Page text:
Are Bees On the Endangered List?
There have been numerous reports recently about bees now being ‘officially endangered’. Is this true? Are Bees On the Endangered List?
On 30 September 2016, the United States Fish and Wildlife Service listed seven species of yellow-faced bees on Hawaii that should be protected under the endangered species act. This is the first time any bees in the US have been included under the Endangered Species Act.
There’s No Reason to Panic
A closer look at the details of this announcement suggest that it might even be a good thing for pollinators.
The first thing to clarify is that these bees are not honey bees, but seven species of yellow-faced bees. The reason these bees are on the list is not because of colony collapse, but because their habitat is disappearing. Invasive plants and animals have had a detrimental effect on Hawaiian forests. By adding these bees to the endangered list conservationists can start recovery programs, get funding for conservation, and add new habitat protections.
This could actually be good news for honey bees.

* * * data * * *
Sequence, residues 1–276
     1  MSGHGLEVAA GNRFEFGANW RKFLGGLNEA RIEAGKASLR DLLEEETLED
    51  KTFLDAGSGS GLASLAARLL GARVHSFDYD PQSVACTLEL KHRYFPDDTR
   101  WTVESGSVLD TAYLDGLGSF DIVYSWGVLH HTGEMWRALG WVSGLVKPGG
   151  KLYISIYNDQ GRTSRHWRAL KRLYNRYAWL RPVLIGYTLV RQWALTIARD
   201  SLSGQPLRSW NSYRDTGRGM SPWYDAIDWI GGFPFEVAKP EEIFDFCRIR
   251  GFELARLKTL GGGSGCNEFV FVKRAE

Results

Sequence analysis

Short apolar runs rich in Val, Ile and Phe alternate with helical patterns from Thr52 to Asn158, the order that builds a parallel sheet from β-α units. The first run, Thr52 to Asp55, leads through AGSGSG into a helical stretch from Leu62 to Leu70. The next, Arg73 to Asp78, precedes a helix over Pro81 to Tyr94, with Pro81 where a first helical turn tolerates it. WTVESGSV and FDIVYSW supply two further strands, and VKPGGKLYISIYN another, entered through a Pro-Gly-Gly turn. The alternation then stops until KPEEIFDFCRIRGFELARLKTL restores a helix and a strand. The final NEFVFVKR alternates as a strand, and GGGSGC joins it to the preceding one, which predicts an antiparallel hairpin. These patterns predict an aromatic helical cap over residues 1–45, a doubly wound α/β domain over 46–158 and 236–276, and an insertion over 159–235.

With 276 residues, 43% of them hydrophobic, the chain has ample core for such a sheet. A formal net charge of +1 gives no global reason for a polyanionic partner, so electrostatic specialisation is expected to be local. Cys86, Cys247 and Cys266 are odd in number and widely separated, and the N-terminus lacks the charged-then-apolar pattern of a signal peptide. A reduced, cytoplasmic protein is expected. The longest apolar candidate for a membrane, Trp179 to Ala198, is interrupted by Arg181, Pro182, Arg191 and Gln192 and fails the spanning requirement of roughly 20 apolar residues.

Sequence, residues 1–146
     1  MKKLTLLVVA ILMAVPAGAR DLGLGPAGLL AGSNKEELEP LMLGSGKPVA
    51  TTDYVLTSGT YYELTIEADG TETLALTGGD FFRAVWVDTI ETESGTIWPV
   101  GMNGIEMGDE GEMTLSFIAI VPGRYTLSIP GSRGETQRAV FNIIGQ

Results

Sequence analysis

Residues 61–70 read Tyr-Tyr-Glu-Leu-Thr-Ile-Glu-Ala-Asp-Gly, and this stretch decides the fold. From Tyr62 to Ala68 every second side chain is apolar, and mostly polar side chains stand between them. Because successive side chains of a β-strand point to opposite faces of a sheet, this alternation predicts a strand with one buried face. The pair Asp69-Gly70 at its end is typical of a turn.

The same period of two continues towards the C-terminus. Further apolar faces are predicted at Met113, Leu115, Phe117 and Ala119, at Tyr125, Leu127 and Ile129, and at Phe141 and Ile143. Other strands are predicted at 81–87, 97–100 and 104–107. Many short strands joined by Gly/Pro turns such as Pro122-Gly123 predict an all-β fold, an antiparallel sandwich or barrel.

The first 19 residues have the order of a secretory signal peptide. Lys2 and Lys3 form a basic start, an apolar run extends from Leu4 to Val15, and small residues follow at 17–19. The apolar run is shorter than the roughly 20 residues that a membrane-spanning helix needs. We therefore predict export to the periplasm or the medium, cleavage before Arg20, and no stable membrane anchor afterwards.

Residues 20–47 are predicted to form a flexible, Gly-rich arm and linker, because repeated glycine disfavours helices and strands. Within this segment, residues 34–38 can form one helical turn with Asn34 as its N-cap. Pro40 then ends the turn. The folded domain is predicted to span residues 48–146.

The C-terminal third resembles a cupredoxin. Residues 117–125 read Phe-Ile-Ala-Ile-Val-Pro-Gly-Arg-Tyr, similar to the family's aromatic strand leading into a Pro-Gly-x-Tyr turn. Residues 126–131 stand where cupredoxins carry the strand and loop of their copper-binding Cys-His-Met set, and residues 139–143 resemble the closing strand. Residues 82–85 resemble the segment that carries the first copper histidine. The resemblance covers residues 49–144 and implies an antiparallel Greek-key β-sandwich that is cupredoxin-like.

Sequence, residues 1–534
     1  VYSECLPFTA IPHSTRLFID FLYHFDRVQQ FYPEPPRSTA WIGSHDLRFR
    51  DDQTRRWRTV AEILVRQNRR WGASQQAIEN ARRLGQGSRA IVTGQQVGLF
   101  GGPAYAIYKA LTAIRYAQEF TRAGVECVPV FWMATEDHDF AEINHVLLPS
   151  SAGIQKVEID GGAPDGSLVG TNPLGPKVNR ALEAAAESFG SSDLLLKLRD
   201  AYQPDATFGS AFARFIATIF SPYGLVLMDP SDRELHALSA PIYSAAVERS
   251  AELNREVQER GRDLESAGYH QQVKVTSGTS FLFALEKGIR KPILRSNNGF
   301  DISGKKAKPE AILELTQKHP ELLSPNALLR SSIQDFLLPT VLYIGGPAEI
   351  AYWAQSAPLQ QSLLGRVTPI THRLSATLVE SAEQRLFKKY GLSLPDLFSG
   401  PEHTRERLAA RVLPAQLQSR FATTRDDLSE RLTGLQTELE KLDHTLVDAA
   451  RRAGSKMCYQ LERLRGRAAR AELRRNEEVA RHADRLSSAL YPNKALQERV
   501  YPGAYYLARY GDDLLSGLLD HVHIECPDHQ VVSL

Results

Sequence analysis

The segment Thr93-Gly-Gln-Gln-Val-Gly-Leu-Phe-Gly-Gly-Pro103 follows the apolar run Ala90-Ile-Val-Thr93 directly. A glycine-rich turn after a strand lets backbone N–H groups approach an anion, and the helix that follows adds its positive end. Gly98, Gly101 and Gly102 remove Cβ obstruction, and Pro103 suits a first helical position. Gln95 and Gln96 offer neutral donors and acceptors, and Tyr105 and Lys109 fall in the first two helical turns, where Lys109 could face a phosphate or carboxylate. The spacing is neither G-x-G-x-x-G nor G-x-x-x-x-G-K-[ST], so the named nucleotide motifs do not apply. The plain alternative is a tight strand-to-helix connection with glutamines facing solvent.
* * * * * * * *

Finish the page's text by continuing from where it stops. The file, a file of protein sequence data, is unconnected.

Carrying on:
Restoring Hawaii’s forests is very likely to have a positive impact on the habitat for honey bees and other native pollinators like bats and butterflies, and should contribute to a decline in colony collapse.
What is Colony collapse?
Colony collapse disorder (CCD) is what happens when almost all worker bees disappear from a colony without reason, leaving the queen, a few nurse bees and some immature bees in the hive with plenty of food. Between 2006 and 2013 more than 10 million beehives have been lost in the USA and Europe. This has a knock-on effect on economic losses because agriculture relies on pollination by bees. The reason for this is still subject to speculation and some of the causes being investigated include infections, loss of habitat, changing beekeeping practices and a family of pesticides called neonicotinoids.
Not everyone wants to be a bee keeper!
If you are bothered by bees on your property call PESTUK on 0800 026 0308 for the best advice on removing bees